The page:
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Pelvic Exenteration for Endometrial (Uterine) Cancer
Endometrial cancer grows in the cells lining the uterus. There are two main layers of the uterus: the myometrium, which is the outer layer of muscle that helps with the birthing process, and the endometrium, which is the inner layer that thickens each month to prepare a woman’s body for pregnancy. (If pregnancy does not occur, the endometrium lining sheds, becoming menstrual flow.) Endometrial cancer, also known as uterine cancer, occurs when cells in the endometrium grow at an accelerated rate and become cancerous.
Treating endometrial cancer
There are many treatment options available to patients with uterine cancer, including surgery, chemotherapy and radiation therapy. Patients with early-stage uterine cancer may undergo a radical hysterectomy with a bilateral salpingo-oophorectomy, which removes the uterus, fallopian tubes and ovaries. Those with later-stage cancers or recurrent endometrial cancer may benefit from a more extensive procedure called pelvic exenteration.
What is pelvic exenteration surgery?
An exenteration involves the complete surgical removal of one or more bodily organs. A pelvic exenteration for endometrial cancer, therefore, involves removing the uterus, cervix, fallopian tubes, vagina, ovaries, bladder and rectum. Afterward, the gynecologic oncologist will create permanent diversion systems for the urinary system and stool as well as reconstruct the vagina:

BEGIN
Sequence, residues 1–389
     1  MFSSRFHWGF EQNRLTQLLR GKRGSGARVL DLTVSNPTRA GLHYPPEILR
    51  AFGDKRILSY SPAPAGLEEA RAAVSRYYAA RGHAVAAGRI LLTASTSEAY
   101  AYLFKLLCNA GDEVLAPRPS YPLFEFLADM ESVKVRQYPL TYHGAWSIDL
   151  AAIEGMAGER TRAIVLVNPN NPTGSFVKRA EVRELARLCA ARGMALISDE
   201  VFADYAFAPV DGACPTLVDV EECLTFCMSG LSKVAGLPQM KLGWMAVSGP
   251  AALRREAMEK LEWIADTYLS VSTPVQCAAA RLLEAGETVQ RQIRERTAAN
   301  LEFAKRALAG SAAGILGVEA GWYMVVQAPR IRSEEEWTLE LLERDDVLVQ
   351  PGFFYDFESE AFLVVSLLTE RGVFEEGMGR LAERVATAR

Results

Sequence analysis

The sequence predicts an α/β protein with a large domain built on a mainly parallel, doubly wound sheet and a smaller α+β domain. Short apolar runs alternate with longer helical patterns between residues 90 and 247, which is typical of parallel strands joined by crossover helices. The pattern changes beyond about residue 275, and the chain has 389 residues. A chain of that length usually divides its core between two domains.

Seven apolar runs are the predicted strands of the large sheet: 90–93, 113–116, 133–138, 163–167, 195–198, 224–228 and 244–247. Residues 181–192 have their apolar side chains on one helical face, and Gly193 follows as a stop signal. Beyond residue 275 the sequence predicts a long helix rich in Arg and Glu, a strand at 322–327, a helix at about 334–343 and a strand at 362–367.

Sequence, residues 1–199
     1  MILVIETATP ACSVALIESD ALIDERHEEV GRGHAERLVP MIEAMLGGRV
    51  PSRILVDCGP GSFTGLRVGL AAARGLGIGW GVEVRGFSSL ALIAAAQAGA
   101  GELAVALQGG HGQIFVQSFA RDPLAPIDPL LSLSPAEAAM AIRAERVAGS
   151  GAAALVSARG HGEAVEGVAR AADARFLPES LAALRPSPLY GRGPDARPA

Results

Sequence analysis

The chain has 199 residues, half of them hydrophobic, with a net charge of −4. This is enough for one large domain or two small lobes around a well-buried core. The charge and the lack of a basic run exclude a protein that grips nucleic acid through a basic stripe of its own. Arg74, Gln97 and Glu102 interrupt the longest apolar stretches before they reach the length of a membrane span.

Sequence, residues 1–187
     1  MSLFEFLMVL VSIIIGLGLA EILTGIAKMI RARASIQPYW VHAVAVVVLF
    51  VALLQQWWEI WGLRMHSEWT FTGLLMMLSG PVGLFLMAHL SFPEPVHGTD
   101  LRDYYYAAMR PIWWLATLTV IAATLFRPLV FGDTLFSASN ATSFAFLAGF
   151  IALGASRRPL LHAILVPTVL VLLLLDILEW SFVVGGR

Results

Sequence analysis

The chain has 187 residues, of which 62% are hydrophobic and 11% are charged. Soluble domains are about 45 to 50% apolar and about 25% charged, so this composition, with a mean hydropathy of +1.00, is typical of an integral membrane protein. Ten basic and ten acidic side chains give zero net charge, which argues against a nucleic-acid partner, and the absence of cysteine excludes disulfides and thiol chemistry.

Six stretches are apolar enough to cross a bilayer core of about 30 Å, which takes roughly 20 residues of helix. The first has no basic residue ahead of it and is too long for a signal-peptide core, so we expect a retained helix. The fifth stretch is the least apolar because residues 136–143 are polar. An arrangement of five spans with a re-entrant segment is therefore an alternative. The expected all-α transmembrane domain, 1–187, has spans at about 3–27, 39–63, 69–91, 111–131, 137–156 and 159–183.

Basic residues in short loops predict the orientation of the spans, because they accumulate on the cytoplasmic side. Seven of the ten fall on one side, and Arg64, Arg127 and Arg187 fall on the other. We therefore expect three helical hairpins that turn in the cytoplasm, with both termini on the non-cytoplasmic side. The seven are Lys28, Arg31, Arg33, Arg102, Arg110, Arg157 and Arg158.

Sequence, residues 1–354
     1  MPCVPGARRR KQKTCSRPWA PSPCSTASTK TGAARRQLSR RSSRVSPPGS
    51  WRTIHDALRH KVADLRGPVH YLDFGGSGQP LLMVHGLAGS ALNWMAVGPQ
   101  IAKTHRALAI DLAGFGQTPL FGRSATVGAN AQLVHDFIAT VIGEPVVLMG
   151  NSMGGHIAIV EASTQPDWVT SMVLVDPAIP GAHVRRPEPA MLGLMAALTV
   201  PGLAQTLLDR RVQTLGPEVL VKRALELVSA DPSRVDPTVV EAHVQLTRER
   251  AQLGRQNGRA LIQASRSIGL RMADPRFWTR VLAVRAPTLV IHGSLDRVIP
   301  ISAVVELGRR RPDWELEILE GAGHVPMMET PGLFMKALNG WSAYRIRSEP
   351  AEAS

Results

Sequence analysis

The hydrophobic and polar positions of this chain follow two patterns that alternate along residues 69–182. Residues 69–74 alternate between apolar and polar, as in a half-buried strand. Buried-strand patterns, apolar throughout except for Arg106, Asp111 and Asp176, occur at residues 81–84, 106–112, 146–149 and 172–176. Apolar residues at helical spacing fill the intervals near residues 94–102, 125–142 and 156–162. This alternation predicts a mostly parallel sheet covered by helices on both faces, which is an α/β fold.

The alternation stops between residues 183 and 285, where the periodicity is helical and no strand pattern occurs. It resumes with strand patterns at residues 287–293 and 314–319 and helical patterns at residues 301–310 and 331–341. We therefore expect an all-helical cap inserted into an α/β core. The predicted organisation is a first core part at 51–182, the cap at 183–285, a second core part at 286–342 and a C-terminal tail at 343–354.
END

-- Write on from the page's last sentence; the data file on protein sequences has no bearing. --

- Urinary diversion. With the bladder and urethra removed, there must be a new place for urine to leave the body. After completing a pelvic exenteration for endometrial cancer, the surgeon will create a stoma, which is an opening in the midsection that allows urine to drain from the body. The stoma is created by connecting the ureters to a piece of the large intestine, then bringing the large intestine through the muscle wall. The stoma looks like a small, circular piece of flesh.
- Colostomy. With the rectum removed, stool needs a new place to leave the body. Much like a urinary diversion, a stoma creates a pathway for stool to empty.
- Vaginal reconstruction. A new vaginal canal can be created by the surgeon, using tissue from other parts of the body. In some cases, the vagina may simply be closed.
Moffitt Cancer Center offers a wide range of treatment options for endometrial cancer, including pelvic exenteration performed by fellowship-trained surgeons. If you’re exploring your treatment options and would like to consult with the specialists in our gynecological clinic, connect with us at 1-888-663-3488 or complete a new patient registration form online. Your cancer treatment is our top priority, so you’ll be connected with a cancer expert in one day.